Dvorak Simplified Keyboard: Is It an Easy Alternative to Speed Typing?
Long before new technology dawned upon us over a century ago, the handwritten material had slowly started to take a backseat. Typewriters, keyboards, keypads all became way too important by the turn of the new century, thus making us dependent on gadgets for doing the writing work for us. But did we ever consider why the keys on our laptops or typewriters were arranged so randomly and unsystematically? Or for that matter, did we even know that there is another keyboard other than the popular QWERTY that claims to simplify the way we type?
Dvorak Simplified Keyboard
An American academician and psychologist Dr. August Dvorak created the layout for a simplified keyboard, along with his brother-in-law William Dealey in the 1930s. Together they patented it under the name “Dvorak Keyboard” in 1936 and claimed that the new interface was easier to use, more efficient and less painful as compared to the standard QWERTY keyboard.
Dr. August was of the opinion that the popular QWERTY layout which a lot of modern operating systems provide in their typing devices today had a lot of issues that needed resolving and hence he came up with his own layout. As per Dr. August, his keyboard layout is a comparatively simpler one, where alphabets are so placed that a user is comfortable typing the most frequently used words on the three rows of the keyboard.
Did he succeed?
Over a period of years, Dr. August began to observe a lot of problems in the standard keyboard, which had come into being way back in the 1870s. He thought that the alphabets were too patchily placed on the layout and were not easy to type into a word. A user would put in enough time and effort to type a common English sentence on a standard layout as compared to his Dvorak keyboard.
He pointed out the flaws in a QWERTY keyboard. He said that the placement of alphabets on a standard keyboard is such that most commonly used words require typing with the left hand only. This made it difficult for right-handed users to get their brain tuned to the standard placement when they first began to learn typewriting.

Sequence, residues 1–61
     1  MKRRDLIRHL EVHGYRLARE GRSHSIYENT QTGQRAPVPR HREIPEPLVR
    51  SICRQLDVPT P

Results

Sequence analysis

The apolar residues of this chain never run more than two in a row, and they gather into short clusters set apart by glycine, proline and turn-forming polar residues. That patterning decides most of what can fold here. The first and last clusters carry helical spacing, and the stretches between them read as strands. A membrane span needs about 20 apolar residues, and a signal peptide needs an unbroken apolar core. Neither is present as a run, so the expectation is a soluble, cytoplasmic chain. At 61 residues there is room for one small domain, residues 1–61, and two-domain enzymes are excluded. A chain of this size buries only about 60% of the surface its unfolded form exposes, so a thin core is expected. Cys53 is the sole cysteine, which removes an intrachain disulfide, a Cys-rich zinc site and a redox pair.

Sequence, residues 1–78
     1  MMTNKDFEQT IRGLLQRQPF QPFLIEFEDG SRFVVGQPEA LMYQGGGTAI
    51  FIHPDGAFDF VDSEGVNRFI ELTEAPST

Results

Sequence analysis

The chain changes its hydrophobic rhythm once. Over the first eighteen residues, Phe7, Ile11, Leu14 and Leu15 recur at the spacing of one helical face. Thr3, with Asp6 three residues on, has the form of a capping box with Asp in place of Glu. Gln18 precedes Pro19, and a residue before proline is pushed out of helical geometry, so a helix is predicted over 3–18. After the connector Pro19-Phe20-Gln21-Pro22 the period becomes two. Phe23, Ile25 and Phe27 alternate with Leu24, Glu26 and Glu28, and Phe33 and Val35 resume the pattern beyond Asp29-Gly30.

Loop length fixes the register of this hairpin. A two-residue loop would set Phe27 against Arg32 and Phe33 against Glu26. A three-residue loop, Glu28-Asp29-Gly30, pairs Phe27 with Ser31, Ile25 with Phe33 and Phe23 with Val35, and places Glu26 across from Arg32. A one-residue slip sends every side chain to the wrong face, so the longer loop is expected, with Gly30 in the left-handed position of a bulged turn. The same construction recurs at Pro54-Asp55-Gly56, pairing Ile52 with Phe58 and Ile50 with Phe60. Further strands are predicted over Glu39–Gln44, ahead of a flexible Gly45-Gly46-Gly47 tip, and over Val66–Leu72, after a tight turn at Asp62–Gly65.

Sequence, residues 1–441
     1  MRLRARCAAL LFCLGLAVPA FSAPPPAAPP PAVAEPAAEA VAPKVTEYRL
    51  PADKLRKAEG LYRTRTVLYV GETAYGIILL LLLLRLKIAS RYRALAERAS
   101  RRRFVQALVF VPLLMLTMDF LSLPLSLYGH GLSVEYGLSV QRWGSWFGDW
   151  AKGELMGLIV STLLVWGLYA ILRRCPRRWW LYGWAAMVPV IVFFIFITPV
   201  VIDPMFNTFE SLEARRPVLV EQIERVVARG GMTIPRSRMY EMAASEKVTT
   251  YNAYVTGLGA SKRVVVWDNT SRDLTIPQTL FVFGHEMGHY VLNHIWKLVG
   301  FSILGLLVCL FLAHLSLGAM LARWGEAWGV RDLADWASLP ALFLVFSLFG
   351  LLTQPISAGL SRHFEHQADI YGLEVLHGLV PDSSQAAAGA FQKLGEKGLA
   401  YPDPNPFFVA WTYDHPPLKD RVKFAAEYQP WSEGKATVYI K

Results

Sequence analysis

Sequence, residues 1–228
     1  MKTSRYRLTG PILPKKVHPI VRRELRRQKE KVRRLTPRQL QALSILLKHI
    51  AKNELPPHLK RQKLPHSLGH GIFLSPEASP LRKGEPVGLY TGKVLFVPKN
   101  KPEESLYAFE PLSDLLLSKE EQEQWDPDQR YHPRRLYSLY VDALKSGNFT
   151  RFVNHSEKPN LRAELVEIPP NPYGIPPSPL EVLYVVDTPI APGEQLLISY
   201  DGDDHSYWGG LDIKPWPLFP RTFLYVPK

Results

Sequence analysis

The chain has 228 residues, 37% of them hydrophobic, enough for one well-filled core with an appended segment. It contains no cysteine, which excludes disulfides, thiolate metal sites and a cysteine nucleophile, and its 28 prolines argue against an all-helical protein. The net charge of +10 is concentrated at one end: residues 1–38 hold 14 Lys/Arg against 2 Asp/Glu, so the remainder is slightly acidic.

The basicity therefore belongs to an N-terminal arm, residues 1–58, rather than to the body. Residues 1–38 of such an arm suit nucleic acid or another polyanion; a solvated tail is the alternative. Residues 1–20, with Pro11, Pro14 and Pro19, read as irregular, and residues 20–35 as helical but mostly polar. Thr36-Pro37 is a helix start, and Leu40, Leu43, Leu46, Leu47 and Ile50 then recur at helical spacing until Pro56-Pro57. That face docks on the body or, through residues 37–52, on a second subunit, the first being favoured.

With his extensive research in language, Dr. August also said that words in the English language needed typing with both hands on a Dvorak layout, thus reducing the pain of using the left hand for most common words. This would automatically reduce the effort and increase the typing speed of an individual, with lesser errors in the process.
In Dvorak Simplified Keyboard the left side of the middle row contains all the vowels, while the right-hand side has common consonants grouped together. The lesser used consonants are on the bottom row and commonly used consonants on the top row, along with mostly used special characters.
A user could also rest his fingers on the middle row, which is not the case with the QWERTY keyboard. This in turn, would be more ergonomically convenient. Dr. August claimed his layout was far superior to the QWERTY layout as it was much easier to learn too. He said it balanced the load between both hands and reduced finger fatigue. He also claimed that the special alphabet placement on his keyboard did not require users to make excess finger and hand movements. The alternate strokes on his layout gave a user’s fingers enough space to play around. Finger movements became more comfortable, making his layout a lot easier to operate. Considering all the advantages of the Dvorak keyboard, Dr. August deemed the QWERTY keyboard a total failure.
The QWERTY layout
The most popular QWERTY keyboard, which was standardized by American National Standards Institute (ANSI) in 1873, was designed and patented by Christopher Latham Sholes, an editor with a Milwaukee newspaper.
Sholes, who was also a printer and a senator for quite some time, invented the commercially successful typewriter in the year 1868. His first prototype had keys in alphabetical order, which kept jamming on each press, for each word typed. It slowed down the process of typing due to mechanical limitations and so Sholes upgraded his layout and designed the new interface, where keys had a QWERTY arrangement.
This got rid of mechanical constraints and users’ brains became wired to the new layout. But experts in the field argue that Sholes purposely came up with the new arrangement to slow down the typing speed, in order to save the frequent hard taps on the machines. Others counter-argue that to make the machine more efficient, a different typing alternative in the form of QWERTY had to be sought out.
However, in all the QWERTY-versus-Dvorak war, there is no hard evidence, which proves that the latter is a comparatively superior layout. Experts in ergonomics did not find any significant advantage in the Dvorak layout, thus shooting down all of Dr. August’s tall claims. Although the Dvorak layout reduced finger fatigue, it is not easier to learn, since QWERTY had already gained market popularity, quickly making it a hot favourite.
A lot of devices today, allow users to switch between QWERTY and Dvorak, but had Dr. August Dvorak been a bit quick, his simplified layout may have been in use today instead of the favourite QWERTY.
Enjoyed this article? Also, check out “Colossus Computer: A WWII Era Cipher Machine was the First-Ever Programmable Computer“.
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